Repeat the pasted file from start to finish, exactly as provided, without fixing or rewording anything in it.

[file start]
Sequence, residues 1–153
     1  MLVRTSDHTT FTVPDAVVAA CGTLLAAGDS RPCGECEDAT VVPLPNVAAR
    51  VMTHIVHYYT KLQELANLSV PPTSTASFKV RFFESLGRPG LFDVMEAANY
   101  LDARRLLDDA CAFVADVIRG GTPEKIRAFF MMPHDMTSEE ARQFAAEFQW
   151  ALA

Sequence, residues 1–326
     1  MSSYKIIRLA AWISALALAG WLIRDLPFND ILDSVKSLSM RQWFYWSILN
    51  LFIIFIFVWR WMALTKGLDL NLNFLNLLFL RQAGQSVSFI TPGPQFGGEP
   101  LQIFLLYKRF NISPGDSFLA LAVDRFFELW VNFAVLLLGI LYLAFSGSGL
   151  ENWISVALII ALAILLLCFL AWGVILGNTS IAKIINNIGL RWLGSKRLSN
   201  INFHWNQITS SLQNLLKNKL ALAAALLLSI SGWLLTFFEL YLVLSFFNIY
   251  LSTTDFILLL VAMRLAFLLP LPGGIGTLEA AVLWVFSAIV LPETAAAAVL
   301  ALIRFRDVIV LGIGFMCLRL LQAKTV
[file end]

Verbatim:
Sequence, residues 1–153
     1  MLVRTSDHTT FTVPDAVVAA CGTLLAAGDS RPCGECEDAT VVPLPNVAAR
    51  VMTHIVHYYT KLQELANLSV PPTSTASFKV RFFESLGRPG LFDVMEAANY
   101  LDARRLLDDA CAFVADVIRG GTPEKIRAFF MMPHDMTSEE ARQFAAEFQW
   151  ALA

Sequence, residues 1–326
     1  MSSYKIIRLA AWISALALAG WLIRDLPFND ILDSVKSLSM RQWFYWSILN
    51  LFIIFIFVWR WMALTKGLDL NLNFLNLLFL RQAGQSVSFI TPGPQFGGEP
   101  LQIFLLYKRF NISPGDSFLA LAVDRFFELW VNFAVLLLGI LYLAFSGSGL
   151  ENWISVALII ALAILLLCFL AWGVILGNTS IAKIINNIGL RWLGSKRLSN
   201  INFHWNQITS SLQNLLKNKL ALAAALLLSI SGWLLTFFEL YLVLSFFNIY
   251  LSTTDFILLL VAMRLAFLLP LPGGIGTLEA AVLWVFSAIV LPETAAAAVL
   301  ALIRFRDVIV LGIGFMCLRL LQAKTV